Pet shop rats ?
I want to get a couple of rats soon. I wanted to get them from a good breeder as I’ve heard they are way more tame and healthy. I have been searching for a couple of weeks but I live in a small town and the closest breeder is an hour away from me. I don’t drive so I can’t there. So I was thinking about getting a pet shop rat but I’ve heard that they will never be as tame as a breeder rat. Is this true? I’d like to know your experiences with pet shop rats if you have any. Thanks.
I can’t drive because I am 16. Pet shops will give animals if you are with your parents and I will be with mine. And I can take care of them. i have had other Pets before that I’ve taken good care of and they have live long life’s and I’ve done plenty of research on rats :)
- 1 month agoBest Answer
First thing any rat lover will tell you-- keep the new rat away from others you may have for at least a week to ensure there isn't any infection, mites, and with so many new diseases, a minor sniffle in the morning could lead to a rat dead with pneumonia by the afternoon. When I bring new rats home, I give a rice sized dose of Ivermectin, a yogurt treat covered in Doxycycline, and ensure he or she is in a safe quiet environment.
Most SPCA's will have rats. There are also some great rat rescues you can find through Rat & Mouse Club of America. I avoid people who rescue rats and then breed them immediately. To me that is saying, "I don't care what kind of history you have, I'm going to earn cash from you." Baby farming isn't cool with me. There are rat people all over. Some of us have petitions into large pet stores that have taken them so seriously they now separate male and females not only in the same stores.. but from store to store so no accidental litters happen. Veterinarian visits are given free to rats by some of these stores as well. I'd go with these companies -- only because they are actually listening to the pet owners and aren't catering to the people who want to torture snakes by feeding them live food.
If you DO find a rat breeder, ask and do the following:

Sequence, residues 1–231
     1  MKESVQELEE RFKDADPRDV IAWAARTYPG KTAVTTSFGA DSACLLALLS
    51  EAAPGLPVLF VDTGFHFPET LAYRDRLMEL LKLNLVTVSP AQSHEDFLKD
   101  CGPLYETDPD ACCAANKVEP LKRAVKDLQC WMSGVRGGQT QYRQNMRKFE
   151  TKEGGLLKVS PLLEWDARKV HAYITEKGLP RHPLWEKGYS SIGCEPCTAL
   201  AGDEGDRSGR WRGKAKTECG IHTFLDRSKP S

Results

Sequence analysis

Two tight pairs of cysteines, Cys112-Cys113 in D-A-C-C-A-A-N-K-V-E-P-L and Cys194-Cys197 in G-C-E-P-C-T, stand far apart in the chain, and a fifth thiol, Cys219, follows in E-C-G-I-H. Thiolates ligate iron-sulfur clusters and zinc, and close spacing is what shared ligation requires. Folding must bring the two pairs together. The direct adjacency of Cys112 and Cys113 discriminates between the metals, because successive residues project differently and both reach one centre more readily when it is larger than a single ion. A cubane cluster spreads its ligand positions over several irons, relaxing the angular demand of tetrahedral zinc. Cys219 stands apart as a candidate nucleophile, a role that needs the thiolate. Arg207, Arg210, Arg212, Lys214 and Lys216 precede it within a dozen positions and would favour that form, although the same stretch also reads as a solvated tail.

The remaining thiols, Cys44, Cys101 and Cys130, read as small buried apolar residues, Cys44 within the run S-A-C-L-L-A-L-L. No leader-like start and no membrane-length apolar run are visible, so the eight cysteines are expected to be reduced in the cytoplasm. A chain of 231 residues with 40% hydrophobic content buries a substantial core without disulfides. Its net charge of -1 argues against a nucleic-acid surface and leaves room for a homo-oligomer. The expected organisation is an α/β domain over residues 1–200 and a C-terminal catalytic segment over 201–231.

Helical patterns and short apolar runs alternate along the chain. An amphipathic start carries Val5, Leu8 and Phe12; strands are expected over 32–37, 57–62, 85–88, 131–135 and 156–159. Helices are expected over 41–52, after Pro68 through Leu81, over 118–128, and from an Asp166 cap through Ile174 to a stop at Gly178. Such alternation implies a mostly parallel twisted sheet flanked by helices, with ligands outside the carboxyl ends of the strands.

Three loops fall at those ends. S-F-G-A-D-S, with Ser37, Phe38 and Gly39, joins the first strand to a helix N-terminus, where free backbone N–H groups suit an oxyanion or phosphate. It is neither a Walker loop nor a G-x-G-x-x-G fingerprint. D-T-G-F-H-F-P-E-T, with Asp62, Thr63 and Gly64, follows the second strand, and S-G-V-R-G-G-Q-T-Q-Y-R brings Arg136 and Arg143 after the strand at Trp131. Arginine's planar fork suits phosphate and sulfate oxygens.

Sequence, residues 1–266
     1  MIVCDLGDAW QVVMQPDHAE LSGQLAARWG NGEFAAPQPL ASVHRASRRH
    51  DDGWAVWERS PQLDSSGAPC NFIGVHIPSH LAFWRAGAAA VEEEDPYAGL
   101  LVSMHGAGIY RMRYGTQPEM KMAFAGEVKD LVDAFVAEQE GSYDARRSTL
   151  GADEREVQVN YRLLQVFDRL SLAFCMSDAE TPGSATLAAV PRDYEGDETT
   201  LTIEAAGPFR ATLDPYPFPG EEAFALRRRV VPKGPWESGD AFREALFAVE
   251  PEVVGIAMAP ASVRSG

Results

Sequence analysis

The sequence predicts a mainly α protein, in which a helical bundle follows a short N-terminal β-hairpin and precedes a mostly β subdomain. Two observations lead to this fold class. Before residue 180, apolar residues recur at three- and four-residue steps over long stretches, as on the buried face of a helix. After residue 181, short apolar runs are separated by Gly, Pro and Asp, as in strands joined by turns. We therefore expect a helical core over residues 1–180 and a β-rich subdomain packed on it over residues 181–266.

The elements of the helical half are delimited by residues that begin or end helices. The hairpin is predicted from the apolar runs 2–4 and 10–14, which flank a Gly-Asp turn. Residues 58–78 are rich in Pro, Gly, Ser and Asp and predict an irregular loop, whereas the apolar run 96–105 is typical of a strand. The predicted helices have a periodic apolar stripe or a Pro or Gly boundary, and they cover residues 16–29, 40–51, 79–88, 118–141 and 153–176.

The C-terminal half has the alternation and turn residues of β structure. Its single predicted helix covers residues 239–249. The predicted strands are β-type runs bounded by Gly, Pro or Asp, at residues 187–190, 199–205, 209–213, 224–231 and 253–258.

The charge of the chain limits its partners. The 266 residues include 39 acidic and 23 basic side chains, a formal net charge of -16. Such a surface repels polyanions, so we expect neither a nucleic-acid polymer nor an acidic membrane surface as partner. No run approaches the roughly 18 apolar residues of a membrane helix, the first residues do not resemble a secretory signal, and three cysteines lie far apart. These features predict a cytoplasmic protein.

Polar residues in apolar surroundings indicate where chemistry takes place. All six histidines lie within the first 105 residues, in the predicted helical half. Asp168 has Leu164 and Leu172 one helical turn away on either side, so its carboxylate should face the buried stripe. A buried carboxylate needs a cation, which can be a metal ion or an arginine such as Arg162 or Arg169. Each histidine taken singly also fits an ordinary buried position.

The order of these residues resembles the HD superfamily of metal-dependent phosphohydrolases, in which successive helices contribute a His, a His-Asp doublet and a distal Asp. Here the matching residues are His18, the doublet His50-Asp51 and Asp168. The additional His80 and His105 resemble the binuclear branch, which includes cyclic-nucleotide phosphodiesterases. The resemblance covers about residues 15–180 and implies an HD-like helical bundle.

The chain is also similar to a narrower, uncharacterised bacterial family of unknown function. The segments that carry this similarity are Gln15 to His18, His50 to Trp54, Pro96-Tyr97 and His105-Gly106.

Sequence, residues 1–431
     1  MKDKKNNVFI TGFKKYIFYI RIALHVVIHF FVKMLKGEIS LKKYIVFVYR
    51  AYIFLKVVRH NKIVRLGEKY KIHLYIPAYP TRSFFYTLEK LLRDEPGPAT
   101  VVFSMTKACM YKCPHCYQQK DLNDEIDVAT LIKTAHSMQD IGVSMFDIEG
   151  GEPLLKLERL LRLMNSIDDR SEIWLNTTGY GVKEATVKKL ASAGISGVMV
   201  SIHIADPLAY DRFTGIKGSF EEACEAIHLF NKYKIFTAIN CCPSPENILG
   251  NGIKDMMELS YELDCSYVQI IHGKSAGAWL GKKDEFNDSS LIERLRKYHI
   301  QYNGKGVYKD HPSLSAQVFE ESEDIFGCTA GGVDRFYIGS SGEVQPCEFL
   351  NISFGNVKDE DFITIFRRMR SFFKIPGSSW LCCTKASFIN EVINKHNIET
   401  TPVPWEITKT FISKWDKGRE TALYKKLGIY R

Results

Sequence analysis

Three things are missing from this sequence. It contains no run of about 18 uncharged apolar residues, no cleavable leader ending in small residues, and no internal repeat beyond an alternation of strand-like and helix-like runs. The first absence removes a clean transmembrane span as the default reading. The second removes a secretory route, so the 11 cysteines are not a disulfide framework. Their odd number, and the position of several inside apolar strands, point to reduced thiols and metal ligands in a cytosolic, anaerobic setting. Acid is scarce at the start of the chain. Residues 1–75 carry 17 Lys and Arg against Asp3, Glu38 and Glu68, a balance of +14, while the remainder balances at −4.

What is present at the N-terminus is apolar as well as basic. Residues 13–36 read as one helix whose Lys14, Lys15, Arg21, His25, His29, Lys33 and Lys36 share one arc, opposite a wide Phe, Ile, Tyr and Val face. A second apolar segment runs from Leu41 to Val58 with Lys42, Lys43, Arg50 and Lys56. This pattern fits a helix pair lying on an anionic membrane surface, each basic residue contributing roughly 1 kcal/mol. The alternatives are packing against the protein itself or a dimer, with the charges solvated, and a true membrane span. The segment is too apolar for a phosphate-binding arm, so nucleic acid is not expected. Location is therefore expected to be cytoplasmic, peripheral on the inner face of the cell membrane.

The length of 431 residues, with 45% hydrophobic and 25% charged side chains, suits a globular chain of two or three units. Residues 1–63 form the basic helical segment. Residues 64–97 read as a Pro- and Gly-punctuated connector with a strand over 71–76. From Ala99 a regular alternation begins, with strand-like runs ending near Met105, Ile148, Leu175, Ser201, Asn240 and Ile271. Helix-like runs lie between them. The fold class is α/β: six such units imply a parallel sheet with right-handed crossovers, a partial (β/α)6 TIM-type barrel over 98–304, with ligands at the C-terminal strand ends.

1. If my rat is sick, or shows signs of sickness within the first 30 days, may I return her?
2. If my rat is pregnant may I return her?
3. Have you bred these rats for more than one generation? (I only get rats from breeders who have at least 5 generations worth of knowledge of a line-- my hoodeds are hoodeds, my rex, dumbos and Irish are all genetically proven.)
4, Ask if your breeder has a medical handbook or a tips sheet to give you before you get the pet from him or her. If they haven't spent time to ensure you will be able to care for your pet, avoid the breeder.
5. Ask if you can see the area where their rats are kept. See how clean the litter is, if the cages are clean, and the water is clean. If you see any signs of dirt or lack of care, avoid that breeder. ALSO ensure those rats are getting exercise and aren't stuffed in small boxes or cages...toys should be present, and wire floors should be covered in any cage.
6. If you plan to breed a pair of rats from this breeder, will he or she be willing to look at the kits and take first option on having any of them? Believe this rescuer-- I've had over 100 kits in my care because someone swore she'd know where to place new rat babies.. and never did.
7. Ask for vet information. Where does this breeder go? Does she have an idea of where to get medication, food, or bedding?
8. When selecting a rat look for three things -- is there any redness around urinary tract? Is his ears clean, or does there seem to be mites or wax? Do both his eyes and nose seem clear of any red gooey substance? Cleaner rats are healthier rats and rats LOVE to clean themselves. If you are given a "relaxed" rat, ensure he wants to move.. there's no such thing as a lazy rat when they meet new people. All of this is sign of illness.
9. Does the breeder make you wash your hands before touching the litters? If not, go away. YOU can kill that litter. Humans carry more illnesses to animals than the other way around.
10. Before you leave that breeder, ensure you can hold your new pet, and that at some point he either nuzzles, snores, or bruxes. Bruxing is especially great- it means he really likes you-- watch those buggy eyes and hear that chatter. It's bliss to rat owners.